Avon Barksdale October 22, 2012 at 08:54 PM
Your facts are not facts, and your weak attempt to politicize this demonstrates why changing the situation will be next to impossible. Youth football is an injury factory and arguing that it is either less dangerous or only just as dangerous as other sports is the ignorant, head in the sand position. It's possible to be in favor of the sport of football and in favor of kids being safer, sorry if years of head trauma have clouded your ability to see nuances.
Joe Kane October 22, 2012 at 09:00 PM
Avon - I saw this article when it first came out. I was coaching youth football at the time. I had already incorporated low-hit count practices because I had seen how many kids, both youth football and high school got hurt during practice. And this study does show that the number of high/heavy impacts decrease dramatically down to just a few instances out of the hundreds recorded. What they don't tell you was "what were they doing at the time of the impact". Was it a "controlled" drill that was stupid to be doing, or was it "unavoidable contact" where two kids collided and never saw the other one coming. When my father started the Natick Junior Redmen back in 1967 he put a huge emphasis on safety at a time when no one was talking about it. He enlisted a lot of Police and Firemen who were training in medical trauma. They understood it and could recognize it. It rubbed off on me when I started to coach. There is nothing in the world as football for sports satisfaction as a player, but do it smart!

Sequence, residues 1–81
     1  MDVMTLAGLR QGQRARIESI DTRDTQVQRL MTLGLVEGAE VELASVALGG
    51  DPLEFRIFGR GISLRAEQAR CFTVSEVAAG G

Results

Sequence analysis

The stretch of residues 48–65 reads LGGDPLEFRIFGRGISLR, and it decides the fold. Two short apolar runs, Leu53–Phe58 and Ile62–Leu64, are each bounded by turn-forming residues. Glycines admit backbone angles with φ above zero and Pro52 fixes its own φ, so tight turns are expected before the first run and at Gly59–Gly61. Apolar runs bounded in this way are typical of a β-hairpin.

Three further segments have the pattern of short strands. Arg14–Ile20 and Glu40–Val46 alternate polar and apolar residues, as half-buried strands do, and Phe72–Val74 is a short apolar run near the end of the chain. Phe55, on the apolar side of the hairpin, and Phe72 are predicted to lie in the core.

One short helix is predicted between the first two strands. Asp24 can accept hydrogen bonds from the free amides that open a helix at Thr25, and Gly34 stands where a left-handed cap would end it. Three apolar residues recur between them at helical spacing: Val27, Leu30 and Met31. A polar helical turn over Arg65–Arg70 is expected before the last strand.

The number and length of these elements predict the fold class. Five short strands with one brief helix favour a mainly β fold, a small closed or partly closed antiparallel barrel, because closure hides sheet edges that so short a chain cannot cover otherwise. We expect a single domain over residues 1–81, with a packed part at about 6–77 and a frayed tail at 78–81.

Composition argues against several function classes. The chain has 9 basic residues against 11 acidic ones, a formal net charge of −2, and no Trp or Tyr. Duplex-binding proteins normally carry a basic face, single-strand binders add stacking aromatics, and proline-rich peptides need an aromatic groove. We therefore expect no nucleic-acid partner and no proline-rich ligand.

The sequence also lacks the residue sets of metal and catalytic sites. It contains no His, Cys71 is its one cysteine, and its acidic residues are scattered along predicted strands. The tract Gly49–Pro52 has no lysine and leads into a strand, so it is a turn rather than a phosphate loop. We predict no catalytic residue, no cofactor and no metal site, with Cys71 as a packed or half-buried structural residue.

Dave Lenane October 22, 2012 at 09:04 PM